• Claims of restitution: The claim is a restitution claim where the defendant’s alleged liability arises out of acts committed within the BVI or out of acts which, wherever committed, were to the detriment of a person domiciled within the BVI.
  • Claims under an enactment conferring jurisdiction on the court: The claim is made pursuant to an enactment that provides the court the power to hear and determine the claim.
  • Relief in aid of foreign proceedings: An application is made for interim relief, and proceedings have commenced or are about to be started in a foreign jurisdiction.
  • Claims for costs orders against a non-party: The claim is made by a party to proceedings for a cost order against a non-party.

What if a defendant evades service or cannot be found?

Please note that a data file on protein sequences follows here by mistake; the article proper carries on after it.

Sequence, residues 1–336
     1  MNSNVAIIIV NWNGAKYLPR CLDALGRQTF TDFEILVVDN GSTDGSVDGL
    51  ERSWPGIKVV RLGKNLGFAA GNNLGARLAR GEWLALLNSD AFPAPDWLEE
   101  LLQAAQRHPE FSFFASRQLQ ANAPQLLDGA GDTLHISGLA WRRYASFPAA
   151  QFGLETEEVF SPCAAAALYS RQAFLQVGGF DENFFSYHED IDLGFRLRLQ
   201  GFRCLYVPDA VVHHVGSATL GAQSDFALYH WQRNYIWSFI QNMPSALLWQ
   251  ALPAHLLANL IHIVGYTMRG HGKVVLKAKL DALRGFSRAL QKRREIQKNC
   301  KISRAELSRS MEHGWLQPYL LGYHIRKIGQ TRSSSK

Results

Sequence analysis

If a defendant cannot be located or evades service and, therefore, cannot be served by one of the ordinary methods of service outlined in EC CPR 7.9, the claimant can apply for an order for service by alternative means. Before seeking such an order, the claimant must provide a good reason and show why service cannot be reasonably effected on the defendant by ordinary means. In granting an order for alternative service, the court will then allow service to be affected by any method likely to bring the claim to the defendant’s attention.

What documents should be served with a claim form?

The following documents must be served with the claim form and statement of claim, failing which, service will not be validly affected:

  • a copy of any order required by the EC CPR
  • a defence form
  • an acknowledgement of service form
  • prescribed notes for the defendant(s)
  • an application to pay in instalments (provided that the claim is a monetary claim)
  • an authorisation code (as new matters are likely to be filed electronically on the E-Litigation Portal)

What if urgent interim relief is also needed?